Sunset over Maui
This September, I began working as a student contractor for the US Geological Survey in Menlo Park. After a whirlwind first week of moving across the country, I set off again with researcher John Stock and postdoc Corina Cerovski-Darriau to the Big Island of Hawai’i. Last week, we finished up two weeks of installing instruments to measure weather conditions and dust fluxes due to overland flow and aeolian processes above Pelekane Bay to help the local land managers prevent erosion into the coral reefs. And while I learned a lot about the area from a scientific perspective, I learned even more about how to conduct science that actually makes a difference.
The lava lake on the summit of Kilauea at night
Hawai’i is a unique place in the US: it boasts a significant population of native Hawaiians, mixes American culture with Polynesian and Asian traditions, contains a wealth of natural resources. It’s current occupants span the socio-economic range from poverty to wealthy descendants of royalty. We worked in paniolo country (which roughly translates to “cowboy” in Hawaiian), which is the dry, northern side of the Big Island full of cattle ranchers. So, most of my days in Hawai’i were spent messing around with pvc pipe in bleached grasslands, and eating lunch next to cattle and cacti. The land itself is owned by the Queen Emma trust, which leases the land to Parker Ranch to generate income for the descendants of Hawai’i’s last independent ruler.
But we are not the only ones interested in preserving the Pelekane watershed. Various groups, including the Kohala Watershed Association, Forest Solutions Inc, the National Park Service, the USGS’s Pacific Islands Ecological Research Center and past watershed managers all share a desire to keep the rapidly eroding soil on the hillslopes. However, all have different mandates and levels of experience in Pelekane, and coordination between them is difficult since Queen Emma does not facilitate meetings.
Lava from Kilauea flowing into the ocean
Without rigorous documentation of the previous projects available for Pelekane, we learned about them through informal conversations, such as having people over for dinner who were involved to pull out maps and discuss areas of interest, or grabbing beers at the local brew house, before going out into the field together. To do this effectively, we had to communicate our scientific goals clearly and convincingly to people with a variety of expertise. And each group had different motivations and goals: re-introducing native Hawaiian species, sustaining cattle ranching for years to come without exhausting the land, preserving the heiaus (Polynesian temples/community centers) downslope of the watershed, and keeping the bay water a nice blue for surfing. One highlight was catching Gordon, the cowboy who worked for Parker for over 30 years, on his trips between paddocks, and discussing the gradual re-vegetation of the land after killing a ton of goats and changing the cattle rotation schedule (Hawai’i actually has a significant feral goat population, numbering in the thousands on the Big Island). So, each group had an area of expertise to contribute, from an un-paralleled knowledge of ranching operations to an understanding of reforestation progressions in Hawai’i to having physically installed the current erosion prevention measures. From a scientific perspective, this was an incredibly rich source of data just waiting to be accessed, but that had to be gained by speaking across areas of expertise and even different languages (we often used Hawaiian words to describe plants, landforms and locations). Beyond doing interdisciplinary work, we were doing collaborative citizen science.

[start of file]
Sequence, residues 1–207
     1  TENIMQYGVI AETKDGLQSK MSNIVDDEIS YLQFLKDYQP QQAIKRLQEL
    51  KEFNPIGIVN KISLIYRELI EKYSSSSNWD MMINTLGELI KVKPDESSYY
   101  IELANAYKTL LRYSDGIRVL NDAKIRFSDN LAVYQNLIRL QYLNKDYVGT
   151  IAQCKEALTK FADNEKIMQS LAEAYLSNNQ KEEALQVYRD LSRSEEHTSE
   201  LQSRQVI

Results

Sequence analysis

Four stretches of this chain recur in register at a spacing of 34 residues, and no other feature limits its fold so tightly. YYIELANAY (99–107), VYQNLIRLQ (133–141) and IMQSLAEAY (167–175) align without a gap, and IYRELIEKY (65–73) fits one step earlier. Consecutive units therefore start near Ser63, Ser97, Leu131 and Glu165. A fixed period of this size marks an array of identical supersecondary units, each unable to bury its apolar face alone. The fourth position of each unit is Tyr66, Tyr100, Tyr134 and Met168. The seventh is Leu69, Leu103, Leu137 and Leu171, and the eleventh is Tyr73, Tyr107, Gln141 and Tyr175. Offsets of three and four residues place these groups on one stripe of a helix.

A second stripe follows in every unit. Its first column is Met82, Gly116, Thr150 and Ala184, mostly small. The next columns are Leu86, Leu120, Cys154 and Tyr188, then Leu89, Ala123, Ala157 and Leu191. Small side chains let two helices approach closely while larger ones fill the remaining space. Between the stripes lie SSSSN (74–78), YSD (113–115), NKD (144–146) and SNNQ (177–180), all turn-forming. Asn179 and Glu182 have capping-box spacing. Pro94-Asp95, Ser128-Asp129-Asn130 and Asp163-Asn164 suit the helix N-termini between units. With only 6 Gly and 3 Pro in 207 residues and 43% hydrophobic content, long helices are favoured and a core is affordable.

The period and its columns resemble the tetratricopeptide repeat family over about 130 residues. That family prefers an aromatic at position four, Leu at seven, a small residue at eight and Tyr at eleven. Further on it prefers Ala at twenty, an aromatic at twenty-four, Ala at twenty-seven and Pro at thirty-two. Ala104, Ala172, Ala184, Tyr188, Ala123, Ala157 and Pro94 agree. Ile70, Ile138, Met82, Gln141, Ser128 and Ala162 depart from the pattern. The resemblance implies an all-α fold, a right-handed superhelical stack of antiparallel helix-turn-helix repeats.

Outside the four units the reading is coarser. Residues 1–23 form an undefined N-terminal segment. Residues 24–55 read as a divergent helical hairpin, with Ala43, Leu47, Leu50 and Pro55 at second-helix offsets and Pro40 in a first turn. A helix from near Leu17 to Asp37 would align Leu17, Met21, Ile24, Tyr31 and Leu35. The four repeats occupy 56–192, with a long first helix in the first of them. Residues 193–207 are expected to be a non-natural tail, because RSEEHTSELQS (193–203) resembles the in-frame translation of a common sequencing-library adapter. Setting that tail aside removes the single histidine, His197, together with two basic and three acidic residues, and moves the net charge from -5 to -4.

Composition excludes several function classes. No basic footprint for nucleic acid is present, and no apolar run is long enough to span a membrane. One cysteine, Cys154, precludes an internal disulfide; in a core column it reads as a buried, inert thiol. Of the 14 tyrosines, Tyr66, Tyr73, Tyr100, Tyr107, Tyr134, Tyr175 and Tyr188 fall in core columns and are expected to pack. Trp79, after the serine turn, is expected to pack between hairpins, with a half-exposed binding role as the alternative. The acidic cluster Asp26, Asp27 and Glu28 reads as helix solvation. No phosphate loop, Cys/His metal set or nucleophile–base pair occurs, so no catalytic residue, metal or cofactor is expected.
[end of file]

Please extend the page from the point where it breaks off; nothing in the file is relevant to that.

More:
The field sites near Waimea
The other benefit of working closely with the land management organizations was talking to the people who would benefit most from improved watershed policies. We drove out with the Kohala Watershed Association (KWA) crew for a couple of days, and talked with them about the erosion prevention measures already in place. Over their time with KWA, the workmen knew which measures had prevented erosion and which only ended up creating more work for them. So, our job as scientists was not only to get rates of erosion across the landscape, but to give the management teams the data to evaluate their experiences and make sure their labor went towards preventing erosion in the most efficient manner possible. And receiving their support in the field gave us an essential resource for transportation, maps and tools.
A sign near a coral reef in Maui explaining why erosion of soil into the Honolua Bay, which causes brown plumes in the water, is such a problem.
While my trip to Hawai’i may have been a bit short on time spent on the beach, I am extremely grateful for the opportunity to participate in a scientifically interesting project with such visible benefits for the community.